Folk trio Bonny Light Horseman deliver a sophomore delight
Rolling Golden Holy by Bonny Light Horseman
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Bonny Light Horseman‘s tour is currently booked until early April and doesn’t yet bring them to Canada. You can always ask them by going to their website.


Folk trio deliver a sophomore delight

After they first met in 2018 the musical veterans in Bonny Light Horseman soon set to making a well received, 10-song collection of traditional folk songs – with a twist. Some of the tunes were centuries old, but the trio of Anaïs Mitchell, Eric D. Johnson and Josh Kaufman gave them a subtle and sure modern polish without losing the originals’ essence. The eponymously titled collection received a Grammy Award nomination in 2021 for Best Folk album.

On their second outing they repeat the trick – beautifully – in reverse: Rolling Golden Holy respects the lyrical and thematic folk traditions of the first record but all 10 songs are new and penned by the trio.

What shines on the album is the effortless interplay between the experienced players. Mitchell and Johnson’s voices weave together like twins. The group sounds like three parts of the same musical mind. Kaufman’s production is flawless. The unique and common vision that informed the first record finds a through line in the second.

“The first album was old stories made to sound new,” Johnson, the singer/songwriter and leader of the band Fruit Bats, told Paste magazine. “This new album is new stories made to sound old. They’re both like ancient love songs, but also like the soundtrack to a John Hughes movie.”

“Why do we go back?” Mitchell asks. “Because it’s too inspiring not to. I can stand in my shoes and sing this song of longing for a lost lover, and someone did it a hundred years ago and someone did it a thousand years ago and someone else will do it in a hundred years. When we approached this record, we wanted to reach forward and write new material, but we wanted these songs to be in conversation with the first record.”

“We never wanted the old songs to sound like a research project,” Kaufman explained to Paste. “We wanted them to feel like we were singing our own texts. Even though 80% of the texts for the first record were traditional, and 80% of the texts for the new record were us, the personalities are the same. It does feel like it’s the same characters in both albums, and they’re speaking through us.”

Hearing this sophomore effort is a delight despite a few shortcomings. The songs don’t equal the calibre of the first record’s folk standards – definitely a tough reach. And the similarity in overall sound between the two collections asks for a bit more diversity.

There are signs that the group is comfortable drawing on a broader palette. For example Kaufman’s production subtly inserts synths and drum machines on the song Fleur de Lis. Sweetbread opens with and features a banjo and saxophone combo. Album closer Cold Rain and Snow foregrounds a quietly searing electric guitar plus flourishes of electric organ. These musical markers portend future treasures from this talented bunch.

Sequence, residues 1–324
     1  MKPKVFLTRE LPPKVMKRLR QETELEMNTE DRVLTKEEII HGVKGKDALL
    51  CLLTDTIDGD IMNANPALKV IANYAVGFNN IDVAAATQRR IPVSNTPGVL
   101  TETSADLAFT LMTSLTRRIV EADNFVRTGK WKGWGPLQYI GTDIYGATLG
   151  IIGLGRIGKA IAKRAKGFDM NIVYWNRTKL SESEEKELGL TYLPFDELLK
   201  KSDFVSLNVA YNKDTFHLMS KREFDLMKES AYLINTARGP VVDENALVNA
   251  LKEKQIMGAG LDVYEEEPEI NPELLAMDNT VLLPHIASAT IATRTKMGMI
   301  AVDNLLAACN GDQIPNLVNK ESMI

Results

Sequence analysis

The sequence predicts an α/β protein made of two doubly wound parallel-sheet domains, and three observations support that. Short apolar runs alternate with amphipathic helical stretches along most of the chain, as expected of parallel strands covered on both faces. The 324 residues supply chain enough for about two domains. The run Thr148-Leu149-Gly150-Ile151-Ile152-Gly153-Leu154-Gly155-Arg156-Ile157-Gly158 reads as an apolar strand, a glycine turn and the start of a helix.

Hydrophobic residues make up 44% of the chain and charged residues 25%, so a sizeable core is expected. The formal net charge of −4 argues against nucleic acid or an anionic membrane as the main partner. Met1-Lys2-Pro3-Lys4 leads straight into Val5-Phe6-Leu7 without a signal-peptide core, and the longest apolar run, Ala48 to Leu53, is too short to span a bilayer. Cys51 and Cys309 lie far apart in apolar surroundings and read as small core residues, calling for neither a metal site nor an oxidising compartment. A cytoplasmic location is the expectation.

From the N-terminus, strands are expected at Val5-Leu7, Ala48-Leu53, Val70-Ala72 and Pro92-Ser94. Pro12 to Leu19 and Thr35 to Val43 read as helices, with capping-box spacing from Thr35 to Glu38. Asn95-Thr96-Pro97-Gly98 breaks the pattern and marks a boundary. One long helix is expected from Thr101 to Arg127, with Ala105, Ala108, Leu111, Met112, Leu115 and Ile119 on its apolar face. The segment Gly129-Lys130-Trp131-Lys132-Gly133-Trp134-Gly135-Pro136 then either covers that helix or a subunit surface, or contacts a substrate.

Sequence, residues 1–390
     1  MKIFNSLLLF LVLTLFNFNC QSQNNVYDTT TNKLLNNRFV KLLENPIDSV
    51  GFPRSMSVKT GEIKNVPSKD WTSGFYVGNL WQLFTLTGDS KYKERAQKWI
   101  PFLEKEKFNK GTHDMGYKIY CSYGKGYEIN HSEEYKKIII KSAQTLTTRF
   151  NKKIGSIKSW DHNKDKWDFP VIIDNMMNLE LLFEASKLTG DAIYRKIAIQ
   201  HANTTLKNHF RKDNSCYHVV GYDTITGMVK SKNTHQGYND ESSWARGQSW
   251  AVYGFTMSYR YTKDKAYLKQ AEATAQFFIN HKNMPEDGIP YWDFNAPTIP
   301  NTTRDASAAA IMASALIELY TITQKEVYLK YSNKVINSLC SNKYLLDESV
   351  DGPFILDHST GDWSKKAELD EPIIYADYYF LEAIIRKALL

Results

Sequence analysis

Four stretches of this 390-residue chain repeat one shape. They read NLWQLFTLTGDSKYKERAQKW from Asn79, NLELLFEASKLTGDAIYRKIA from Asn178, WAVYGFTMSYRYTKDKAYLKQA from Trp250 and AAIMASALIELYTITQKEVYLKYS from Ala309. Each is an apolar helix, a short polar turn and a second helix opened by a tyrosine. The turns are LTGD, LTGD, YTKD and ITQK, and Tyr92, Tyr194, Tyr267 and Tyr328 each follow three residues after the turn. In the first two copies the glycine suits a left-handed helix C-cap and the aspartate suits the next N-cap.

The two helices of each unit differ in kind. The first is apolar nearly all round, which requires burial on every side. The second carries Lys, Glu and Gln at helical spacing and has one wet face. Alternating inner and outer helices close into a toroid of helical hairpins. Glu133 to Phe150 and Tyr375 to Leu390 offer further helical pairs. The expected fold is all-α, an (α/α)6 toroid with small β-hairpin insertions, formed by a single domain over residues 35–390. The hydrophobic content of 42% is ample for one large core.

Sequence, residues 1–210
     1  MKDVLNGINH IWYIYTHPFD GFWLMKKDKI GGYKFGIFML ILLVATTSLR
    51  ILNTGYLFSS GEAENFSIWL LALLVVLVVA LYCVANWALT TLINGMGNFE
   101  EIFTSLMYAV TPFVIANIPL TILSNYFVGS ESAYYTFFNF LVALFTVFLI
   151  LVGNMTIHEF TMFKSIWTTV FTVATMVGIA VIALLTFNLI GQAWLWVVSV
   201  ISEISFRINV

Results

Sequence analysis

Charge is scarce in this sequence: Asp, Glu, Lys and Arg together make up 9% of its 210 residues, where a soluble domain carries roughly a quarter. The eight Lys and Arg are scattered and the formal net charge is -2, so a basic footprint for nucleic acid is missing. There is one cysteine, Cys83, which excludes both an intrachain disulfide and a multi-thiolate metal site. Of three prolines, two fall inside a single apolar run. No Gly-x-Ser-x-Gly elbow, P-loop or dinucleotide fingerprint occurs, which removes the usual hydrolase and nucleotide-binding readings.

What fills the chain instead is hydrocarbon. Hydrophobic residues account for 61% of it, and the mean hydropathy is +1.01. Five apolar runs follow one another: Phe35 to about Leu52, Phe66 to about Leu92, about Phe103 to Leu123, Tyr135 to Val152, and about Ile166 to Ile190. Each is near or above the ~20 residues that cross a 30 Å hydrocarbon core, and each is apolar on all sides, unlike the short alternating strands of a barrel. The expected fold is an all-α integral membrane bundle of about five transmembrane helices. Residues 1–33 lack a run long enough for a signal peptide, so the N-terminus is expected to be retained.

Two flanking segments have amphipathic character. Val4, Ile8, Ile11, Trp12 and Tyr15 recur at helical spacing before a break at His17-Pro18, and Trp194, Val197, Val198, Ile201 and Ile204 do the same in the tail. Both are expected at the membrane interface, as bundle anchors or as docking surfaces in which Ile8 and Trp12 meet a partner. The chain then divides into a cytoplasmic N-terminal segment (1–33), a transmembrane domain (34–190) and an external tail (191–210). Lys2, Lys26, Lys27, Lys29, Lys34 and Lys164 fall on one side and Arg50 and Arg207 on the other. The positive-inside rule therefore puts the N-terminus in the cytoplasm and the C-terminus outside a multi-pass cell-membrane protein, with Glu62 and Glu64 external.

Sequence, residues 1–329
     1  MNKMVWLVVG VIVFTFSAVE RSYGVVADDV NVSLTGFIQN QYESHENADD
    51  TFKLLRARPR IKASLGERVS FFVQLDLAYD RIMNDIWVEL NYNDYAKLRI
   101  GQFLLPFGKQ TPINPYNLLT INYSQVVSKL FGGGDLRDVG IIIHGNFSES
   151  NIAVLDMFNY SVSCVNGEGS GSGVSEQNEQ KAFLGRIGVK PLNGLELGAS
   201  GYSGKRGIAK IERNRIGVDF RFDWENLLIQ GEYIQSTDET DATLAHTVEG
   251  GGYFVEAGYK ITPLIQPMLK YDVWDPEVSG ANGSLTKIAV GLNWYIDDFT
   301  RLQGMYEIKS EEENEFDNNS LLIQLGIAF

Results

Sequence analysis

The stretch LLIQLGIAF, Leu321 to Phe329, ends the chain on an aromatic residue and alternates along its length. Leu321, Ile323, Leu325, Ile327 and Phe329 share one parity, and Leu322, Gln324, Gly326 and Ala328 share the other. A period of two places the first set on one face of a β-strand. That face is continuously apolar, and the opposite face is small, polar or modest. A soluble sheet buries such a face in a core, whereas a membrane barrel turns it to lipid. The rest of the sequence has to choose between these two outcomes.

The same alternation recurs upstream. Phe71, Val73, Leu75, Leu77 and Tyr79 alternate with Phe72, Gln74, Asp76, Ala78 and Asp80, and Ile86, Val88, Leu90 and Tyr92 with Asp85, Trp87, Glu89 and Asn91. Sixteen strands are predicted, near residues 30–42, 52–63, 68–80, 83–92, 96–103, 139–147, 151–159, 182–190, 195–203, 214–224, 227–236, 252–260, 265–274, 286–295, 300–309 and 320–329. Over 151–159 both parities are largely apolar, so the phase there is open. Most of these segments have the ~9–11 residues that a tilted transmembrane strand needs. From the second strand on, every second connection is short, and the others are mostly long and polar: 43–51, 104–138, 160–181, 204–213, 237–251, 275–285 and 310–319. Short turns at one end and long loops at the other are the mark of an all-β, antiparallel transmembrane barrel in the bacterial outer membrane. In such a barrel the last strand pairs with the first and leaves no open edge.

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22 October 2022


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On their second album as a trio, Anaïs Mitchell, Eric D. Johnson and Josh Kaufman build fresh narratives from the fabled history of folk music

By Amanda Wicks / Pitchfork

On Bonny Light Horseman’s 2020 self-titled debut, singer-songwriter Anaïs Mitchell, Eric D. Johnson (of Fruit Bats), and producer and multi-instrumentalist Josh Kaufman moved their modern weft across the warp of folk traditions past. Borrowing pieces from old-time songs, their interplay between convention and innovation could have ended as a one-off project, especially after the collaboration earned them a Grammy nomination for Best Folk Album. But the kismet of their creative commune seemed too good not to keep exploring, so they set about writing original songs. Their second album, Rolling Golden Holy, imagines what contemporary stories might look like when framed in the Anglo-American folk tradition. Entwining themes from broadsides and British ballads, musical styles from Appalachia, and touches of modern production, they deliver new tales, new colors, and new patterns.

In 1957, folk scholar George Malcolm Laws classified broadside ballads into topics like “Lovers’ Disguises and Tricks,” “Faithful Lovers,” and “Unfaithful Lovers.” While these categories apply to plenty of genres, Bonny Light Horseman delight in building fresh narratives from the fabled history of folk music. The duet “Comrade Sweetheart” evokes an early 20th century setting, when the blue-collar struggle for justice made its way into songs from Woody Guthrie and later Pete Seeger. Johnson and Mitchell pledge their love and fidelity, promising to care for one another in their fight for larger causes.

The songs on Rolling Golden Holy trace a variety of love stories, with Mitchell and Johnson trading off leads like they do perspectives. “Gone by Fall” reflects on love that will end when the seasons change. The song’s brightly plucked guitar contrasts the sorrow ruminating at its center. Johnson takes lead vocals, while Mitchell’s soft touches add flourishes of nostalgic sweetness, as though the present were already a potent memory. “Exile” declares grandiose passions in an effort to win back a lover. Johnson’s and Mitchell’s voices plait in and around one another. “You know I’d fly right into the eye of the hurricane for you,” they sing against a fluttering banjo, while Mike Lewis’ bass and JT Bates’ drums juxtapose that soaring interplay with a grounded heft.

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